To understand our present, we must first have a sense of our past. The historic Ellis Island in the United States is a symbol of the “melting pot” that has come to define the country—it’s a place where many modern families got their start in America. Active between 1892 and 1954, it served as an immigration inspection station for the millions of people arriving into the country. A 17-year-old named Annie Moore from Cork, Ireland was the first of 700 immigrants who arrived on January 1—opening day. At its peak, the site saw 11,747 people arrive in April of 1907.
Those who went through Ellis Island represented low-income passengers trying to immigrate to the United States—first and second class travelers were considered wealthy enough as to not become a burden to the state and were examined on board the ships. The people who were sent to the island underwent medical examinations, interviews, and legal inspections, often with very little in tow. While waiting (for money, travel tickets, or family members), amateur photographer Augustus Sherman snapped portraits of the immigrants in their native dress, from grown men and women to small children. The black and white images are a fascinating look at these cultures throughout history, as well as an important reminder of the people who helped make America what it is today.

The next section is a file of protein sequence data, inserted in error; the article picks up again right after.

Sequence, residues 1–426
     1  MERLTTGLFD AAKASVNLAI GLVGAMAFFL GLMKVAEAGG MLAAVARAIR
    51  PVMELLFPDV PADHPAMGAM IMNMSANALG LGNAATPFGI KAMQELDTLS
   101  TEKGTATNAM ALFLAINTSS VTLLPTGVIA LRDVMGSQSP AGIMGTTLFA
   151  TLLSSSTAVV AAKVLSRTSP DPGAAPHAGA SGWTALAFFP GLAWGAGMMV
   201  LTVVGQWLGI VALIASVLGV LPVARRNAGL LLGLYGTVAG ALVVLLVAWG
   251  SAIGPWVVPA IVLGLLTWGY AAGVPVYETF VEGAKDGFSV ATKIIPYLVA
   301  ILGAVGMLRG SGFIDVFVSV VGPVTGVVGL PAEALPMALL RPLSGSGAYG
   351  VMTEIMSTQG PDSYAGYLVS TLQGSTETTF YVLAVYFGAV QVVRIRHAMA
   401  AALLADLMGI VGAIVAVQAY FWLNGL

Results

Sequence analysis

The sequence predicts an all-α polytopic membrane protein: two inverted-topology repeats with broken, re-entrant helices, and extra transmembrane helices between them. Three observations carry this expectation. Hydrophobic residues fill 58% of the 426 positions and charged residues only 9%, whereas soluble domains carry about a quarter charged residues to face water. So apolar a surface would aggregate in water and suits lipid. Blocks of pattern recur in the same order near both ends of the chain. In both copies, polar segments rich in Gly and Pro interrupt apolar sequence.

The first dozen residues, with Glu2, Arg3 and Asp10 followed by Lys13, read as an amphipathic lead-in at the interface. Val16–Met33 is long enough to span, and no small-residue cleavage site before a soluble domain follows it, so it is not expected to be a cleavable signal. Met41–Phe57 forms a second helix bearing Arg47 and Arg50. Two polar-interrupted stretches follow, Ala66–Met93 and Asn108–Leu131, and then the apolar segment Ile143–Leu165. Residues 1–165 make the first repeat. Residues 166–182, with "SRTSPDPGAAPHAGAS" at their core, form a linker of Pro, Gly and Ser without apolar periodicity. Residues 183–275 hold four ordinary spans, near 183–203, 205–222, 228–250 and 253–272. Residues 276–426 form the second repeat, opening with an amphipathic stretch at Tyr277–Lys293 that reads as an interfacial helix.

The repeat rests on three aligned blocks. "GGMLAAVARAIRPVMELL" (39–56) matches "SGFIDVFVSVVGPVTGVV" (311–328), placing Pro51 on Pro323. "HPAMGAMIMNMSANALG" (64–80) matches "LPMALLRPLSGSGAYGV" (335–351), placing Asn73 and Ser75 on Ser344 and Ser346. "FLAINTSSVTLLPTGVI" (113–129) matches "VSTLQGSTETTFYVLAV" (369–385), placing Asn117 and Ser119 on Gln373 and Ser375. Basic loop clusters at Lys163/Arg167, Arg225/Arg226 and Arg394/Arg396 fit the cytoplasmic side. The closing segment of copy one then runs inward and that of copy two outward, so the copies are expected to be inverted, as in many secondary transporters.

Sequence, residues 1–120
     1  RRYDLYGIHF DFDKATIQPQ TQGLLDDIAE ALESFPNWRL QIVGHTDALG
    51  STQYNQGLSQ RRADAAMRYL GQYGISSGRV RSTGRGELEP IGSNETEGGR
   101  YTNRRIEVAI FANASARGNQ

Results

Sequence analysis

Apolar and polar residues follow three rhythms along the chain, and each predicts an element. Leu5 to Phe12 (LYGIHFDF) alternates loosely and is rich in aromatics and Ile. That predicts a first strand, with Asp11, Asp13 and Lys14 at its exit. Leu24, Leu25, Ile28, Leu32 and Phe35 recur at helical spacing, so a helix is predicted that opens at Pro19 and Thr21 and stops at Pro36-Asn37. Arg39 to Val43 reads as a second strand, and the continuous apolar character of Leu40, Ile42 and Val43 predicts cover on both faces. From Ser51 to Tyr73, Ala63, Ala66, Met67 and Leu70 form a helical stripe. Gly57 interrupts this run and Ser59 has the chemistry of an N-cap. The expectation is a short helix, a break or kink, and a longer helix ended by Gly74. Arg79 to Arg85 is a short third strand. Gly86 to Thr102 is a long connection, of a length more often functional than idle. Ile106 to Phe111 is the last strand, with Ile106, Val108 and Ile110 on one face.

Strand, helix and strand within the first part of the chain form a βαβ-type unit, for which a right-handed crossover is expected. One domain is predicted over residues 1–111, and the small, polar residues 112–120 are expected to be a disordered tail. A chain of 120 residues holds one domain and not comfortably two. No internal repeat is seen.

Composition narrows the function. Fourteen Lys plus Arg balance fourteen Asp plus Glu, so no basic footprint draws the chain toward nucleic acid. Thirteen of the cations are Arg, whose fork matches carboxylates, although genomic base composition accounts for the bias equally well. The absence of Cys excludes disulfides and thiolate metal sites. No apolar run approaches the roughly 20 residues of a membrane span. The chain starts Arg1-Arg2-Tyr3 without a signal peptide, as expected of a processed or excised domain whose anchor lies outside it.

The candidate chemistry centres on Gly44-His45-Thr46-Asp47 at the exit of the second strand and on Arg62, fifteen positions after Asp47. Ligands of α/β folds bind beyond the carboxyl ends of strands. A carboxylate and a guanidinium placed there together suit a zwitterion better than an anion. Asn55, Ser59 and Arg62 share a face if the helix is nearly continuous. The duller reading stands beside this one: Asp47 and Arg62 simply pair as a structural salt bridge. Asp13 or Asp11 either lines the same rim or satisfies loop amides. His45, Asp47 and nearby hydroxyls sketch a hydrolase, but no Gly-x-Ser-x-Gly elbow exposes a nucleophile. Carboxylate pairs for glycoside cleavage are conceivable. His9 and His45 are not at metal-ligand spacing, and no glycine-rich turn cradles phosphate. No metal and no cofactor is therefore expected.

The New York Public Library currently houses Sherman’s photographs. In 2005, these images were compiled and published into a book called Augustus F. Sherman: Ellis Island Portraits 1905-1920. The full-page portrait publication is now available through Amazon.
Above: German stowaway
Three Dutch women
Slovak woman and children
Children from Lapland
Cossack man from the steppes of Russia
Three women from Guadeloupe